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Driscoll Research Group

 

Theme 1. Energy-Efficient Non-Volatile Memory

We are at the beginning of a Data Age. There is a wide range of rapidly growing data-centric technologies spanning Big Data, IoT, transport, medicine, electric vehicles, security, entertainment, and neuromorphic computing for AI. In most of these areas, memory energy dominates over compute energy and low-power non-volatile memory (NVM) is urgently needed. Also, neural network based deep learning embedded in edge computing devices could provide the solution to the high computing efficiencies.

Our three main projects in the field of low-power NVM are funded though Prof. Driscoll's Royal Academy of Engineering Research Chair, her ERC Advanced Grant, and an ECCS-EPSRC grant in collaboration with researchers from the USA. Here, we provide a general overview over our research in this field.

Conventional computer memory is either fast, but volatile (Randem Access Memory - RAM) or non-volatile, but slow (Hard Disk Drives (HDDs) or Magnetic Tape). The closest technology in between these two extremes is NAND Flash such as in Solid State Drives, which is non-volatile and achieves higher speed than HDDs through parallelisation of read and write operations. However, Flash requires much higher programming voltages than the other technologies, so that it is not suitable for low-power applications either.

In non-volatile memory such as HDDs and Magnetic Tape, information is stored in the magnetic polarisation of a storage material, whereas in RAM devices, information is stored in the form of charge on a dedicated capcitor (RRAM) or the charge on the gate terminals of two cross-coupled inverters (SRAM). Charge is prone to leaking out of such terminals, which makes the fast charge-based memores volatile. Our approach to designing new and energy-efficient computer memory relies on the nanoengineering of oxide thin films, where information can be stored in different materials properties other than charge. Such properties can be a stable electrical resistance, the direction of ferroelectric rather than ferromagnetic polarisation, or the arrangement of oxygen vacancies within an oxide. The video below provides more information.

 

Video 1. An introduction to Sustainable Memory Devices by Dr. Guliana di Martino, Dr. Chiara Ciccarelli,
and Prof. Judith Driscoll, narrated by Sunny Howard.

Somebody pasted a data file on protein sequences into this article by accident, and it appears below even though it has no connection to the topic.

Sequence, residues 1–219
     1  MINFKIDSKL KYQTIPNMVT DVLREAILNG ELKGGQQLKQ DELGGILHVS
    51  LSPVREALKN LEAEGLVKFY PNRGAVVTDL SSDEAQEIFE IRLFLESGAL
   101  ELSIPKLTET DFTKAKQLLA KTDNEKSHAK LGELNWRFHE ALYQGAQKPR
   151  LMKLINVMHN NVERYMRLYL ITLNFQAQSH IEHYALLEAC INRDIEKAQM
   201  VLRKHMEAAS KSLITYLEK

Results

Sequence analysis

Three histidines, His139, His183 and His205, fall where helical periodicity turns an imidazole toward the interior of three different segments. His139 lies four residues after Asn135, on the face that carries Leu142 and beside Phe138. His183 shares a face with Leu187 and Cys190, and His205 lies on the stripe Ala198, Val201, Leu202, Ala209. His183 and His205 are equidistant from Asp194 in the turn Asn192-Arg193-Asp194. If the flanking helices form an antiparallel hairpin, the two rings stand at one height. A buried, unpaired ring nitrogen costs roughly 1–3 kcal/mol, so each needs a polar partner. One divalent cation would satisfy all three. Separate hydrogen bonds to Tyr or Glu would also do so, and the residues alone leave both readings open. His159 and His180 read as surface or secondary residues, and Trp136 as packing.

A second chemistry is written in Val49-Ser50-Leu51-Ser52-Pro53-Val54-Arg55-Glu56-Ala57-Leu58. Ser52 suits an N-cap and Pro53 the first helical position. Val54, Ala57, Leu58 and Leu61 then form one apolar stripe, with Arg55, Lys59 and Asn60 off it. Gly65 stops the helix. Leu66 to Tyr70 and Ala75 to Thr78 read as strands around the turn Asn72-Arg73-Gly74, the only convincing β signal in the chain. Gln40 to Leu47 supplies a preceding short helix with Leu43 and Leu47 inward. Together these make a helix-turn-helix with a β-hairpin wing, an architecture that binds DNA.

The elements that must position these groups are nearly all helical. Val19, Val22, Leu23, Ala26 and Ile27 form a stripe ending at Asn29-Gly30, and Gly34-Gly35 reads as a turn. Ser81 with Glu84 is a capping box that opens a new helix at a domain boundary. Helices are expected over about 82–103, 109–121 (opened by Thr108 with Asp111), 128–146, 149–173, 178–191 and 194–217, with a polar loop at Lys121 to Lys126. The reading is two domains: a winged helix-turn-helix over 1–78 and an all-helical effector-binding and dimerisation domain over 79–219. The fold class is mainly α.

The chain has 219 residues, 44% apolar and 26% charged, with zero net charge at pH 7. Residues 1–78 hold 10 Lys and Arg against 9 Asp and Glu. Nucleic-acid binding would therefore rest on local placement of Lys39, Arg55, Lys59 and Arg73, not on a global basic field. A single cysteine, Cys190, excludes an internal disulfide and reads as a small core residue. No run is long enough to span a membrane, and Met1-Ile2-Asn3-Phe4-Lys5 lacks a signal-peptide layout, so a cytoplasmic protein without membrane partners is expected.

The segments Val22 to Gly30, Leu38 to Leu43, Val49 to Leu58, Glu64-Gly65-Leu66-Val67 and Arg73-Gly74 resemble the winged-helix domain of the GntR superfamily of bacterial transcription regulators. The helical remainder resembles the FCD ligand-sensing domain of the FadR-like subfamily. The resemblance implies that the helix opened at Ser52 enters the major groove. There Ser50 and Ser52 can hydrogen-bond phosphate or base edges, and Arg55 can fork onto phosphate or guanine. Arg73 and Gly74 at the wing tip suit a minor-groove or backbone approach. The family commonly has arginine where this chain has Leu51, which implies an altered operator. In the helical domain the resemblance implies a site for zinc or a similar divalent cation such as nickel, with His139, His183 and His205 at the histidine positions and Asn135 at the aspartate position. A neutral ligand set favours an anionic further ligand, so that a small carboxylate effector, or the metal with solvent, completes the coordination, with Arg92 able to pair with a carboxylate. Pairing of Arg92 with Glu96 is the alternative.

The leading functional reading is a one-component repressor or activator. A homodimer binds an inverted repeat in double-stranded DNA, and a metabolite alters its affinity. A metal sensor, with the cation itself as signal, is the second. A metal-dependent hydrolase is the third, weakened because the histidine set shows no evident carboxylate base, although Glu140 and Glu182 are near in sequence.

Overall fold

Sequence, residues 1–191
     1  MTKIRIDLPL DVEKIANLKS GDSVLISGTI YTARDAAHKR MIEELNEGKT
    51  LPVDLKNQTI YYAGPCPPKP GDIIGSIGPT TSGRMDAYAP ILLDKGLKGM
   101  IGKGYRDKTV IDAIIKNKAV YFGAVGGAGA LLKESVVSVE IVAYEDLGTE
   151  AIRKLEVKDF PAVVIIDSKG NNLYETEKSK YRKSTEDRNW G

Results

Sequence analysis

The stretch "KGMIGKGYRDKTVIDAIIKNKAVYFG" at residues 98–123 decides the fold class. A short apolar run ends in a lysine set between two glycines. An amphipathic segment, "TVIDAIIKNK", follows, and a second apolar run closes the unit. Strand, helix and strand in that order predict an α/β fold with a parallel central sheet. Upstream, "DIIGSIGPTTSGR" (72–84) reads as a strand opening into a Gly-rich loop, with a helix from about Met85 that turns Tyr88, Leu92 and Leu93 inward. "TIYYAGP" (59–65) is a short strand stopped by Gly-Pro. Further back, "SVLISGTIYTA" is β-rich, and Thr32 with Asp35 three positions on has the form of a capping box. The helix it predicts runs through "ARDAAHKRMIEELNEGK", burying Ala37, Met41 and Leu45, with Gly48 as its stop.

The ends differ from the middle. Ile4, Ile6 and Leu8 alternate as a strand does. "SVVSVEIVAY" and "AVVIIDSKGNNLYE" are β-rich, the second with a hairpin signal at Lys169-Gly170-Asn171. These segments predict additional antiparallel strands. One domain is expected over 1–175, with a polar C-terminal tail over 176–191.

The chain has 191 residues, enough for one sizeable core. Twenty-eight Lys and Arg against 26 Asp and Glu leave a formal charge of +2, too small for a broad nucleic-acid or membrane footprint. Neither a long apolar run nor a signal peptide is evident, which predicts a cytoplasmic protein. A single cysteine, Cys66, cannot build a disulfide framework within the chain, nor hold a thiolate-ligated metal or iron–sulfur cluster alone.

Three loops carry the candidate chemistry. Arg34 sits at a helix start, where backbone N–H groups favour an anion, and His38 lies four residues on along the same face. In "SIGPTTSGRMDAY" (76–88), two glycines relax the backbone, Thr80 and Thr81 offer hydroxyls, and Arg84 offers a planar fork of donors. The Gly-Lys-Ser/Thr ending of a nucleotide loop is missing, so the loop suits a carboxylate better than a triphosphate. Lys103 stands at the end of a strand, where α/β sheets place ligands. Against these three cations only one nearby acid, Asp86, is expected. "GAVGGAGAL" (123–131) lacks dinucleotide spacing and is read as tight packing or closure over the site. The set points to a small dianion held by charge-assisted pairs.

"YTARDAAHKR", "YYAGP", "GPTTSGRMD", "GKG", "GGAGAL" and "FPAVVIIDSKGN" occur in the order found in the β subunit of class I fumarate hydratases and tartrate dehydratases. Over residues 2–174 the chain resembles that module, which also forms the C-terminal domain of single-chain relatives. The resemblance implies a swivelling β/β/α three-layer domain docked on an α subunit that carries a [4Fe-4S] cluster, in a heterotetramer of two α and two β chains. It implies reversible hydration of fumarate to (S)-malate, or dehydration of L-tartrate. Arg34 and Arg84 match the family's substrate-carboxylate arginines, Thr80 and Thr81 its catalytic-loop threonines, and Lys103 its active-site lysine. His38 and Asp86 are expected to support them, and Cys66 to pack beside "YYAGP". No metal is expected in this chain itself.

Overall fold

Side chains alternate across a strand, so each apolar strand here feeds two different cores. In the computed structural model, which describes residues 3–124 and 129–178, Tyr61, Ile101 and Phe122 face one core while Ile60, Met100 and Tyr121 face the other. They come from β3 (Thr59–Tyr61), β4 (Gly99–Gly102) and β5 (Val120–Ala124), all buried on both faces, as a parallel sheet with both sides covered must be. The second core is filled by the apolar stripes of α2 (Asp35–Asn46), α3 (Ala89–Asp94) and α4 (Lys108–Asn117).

a) Resistive memory (and neuromorphic computing for AI): Scaleable, uniform and robust resistive switching.

Arguably, oxide memristors represent the most ideal NVM system in terms of simple composition, potential for lowest cost and highest density (Fig. 1). However, problems still remain in terms of scaling, uniformity and robustness. Memristors could offer the required, low power, technology for both non-volatile memory and neuromorphic computing. However, currently, there are problems of non-uniformity, difficulty to scale to small dimensions (20 nm and below), and robustness. These are all materials-related problems. We have demonstrated ways to overcome them in model systems (Fig. 2). We are currently working on translating these model systems to industry practical systems.

Figure 2. Oxide memristor films. (a) As-grown. (b) Schematic illustration of the strain mediated ME effect VAN films. (c) Magnetic hysteresis loops along the OOP direction and (d) magnetic hysteresis loops along the IP direction with and without applying in-situ voltages (plots courtesy of Chao Yun, Driscoll group).

 

b) Magnetoelectric memory: Magnetoeletricity above room temperature in simply- grown, self-assembled composite thin film systems.

Electric field control of magnetism (magnetoelectricity) could provide for ultra-high density non-volatile memory. No currents are passed during switching and so these systems have potential for ultra-low power. However, despite intensive research efforts, no practical materials systems have emerged. Interface-coupled, composite systems containing ferroelectric and ferri-/ferromagnetic elements have been the most promising, but they have many problems, e.g. substrate clamping, large unwanted currents (leakage), and they cannot be miniaturized to give high density recording. Through careful materials selection, design, and nanoengineering, we have demonstrated a high-performance room temperature magnetoelectric system (Fig. 3). A vertically aligned triple nanocomposite structure in which the strain coupling is independent of the substrate was used and a new, low leakage ferroelectric material was employed. Large converse magnetoelectric coefficients have been achieved of >10e-9 s/m.

Research Theme 3Figure 3. Large RT ME effect in composite film. (a) typical AFM image of sample surface. (b) Schematic illustration of the vertical strain mediated effect. (c) Magnetic hysteresis loops along the OOP direction with different voltages applied.

 

Video 2. Laboratory tour by Prof. Judith Driscoll and Dr. Giuliana Di Martino demonstrating their work in
the field of nanoplasmonics.

Example references:

Rui Wu, Ahmed Kursumovic, Xingyao Gao, Chao Yun, Mary E. Vickers, Haiyan Wang, Seungho Cho, and Judith L. MacManus-Driscoll. Design of a Vertical Composite Thin Film System with Ultralow Leakage To Yield Large Converse Magnetoelectric Effect. ACS Appl. Mater. Interfaces, 2018, 10 (21), pp 18237–18245 (DOI: 10.1021/acsami.8b03837).

Choi EM, Maity T, Kursumovic A, Lu P, Lee OJ, Bi Z, Park Y, Wu R, Gopalan V, Wang H, MacManus-Driscoll JL, Nanoengineering Giant Room Temperature Ferroelectricity into Orthorhombic SmMnO3 Films, Nature Communications. May 2020; 11, 2207.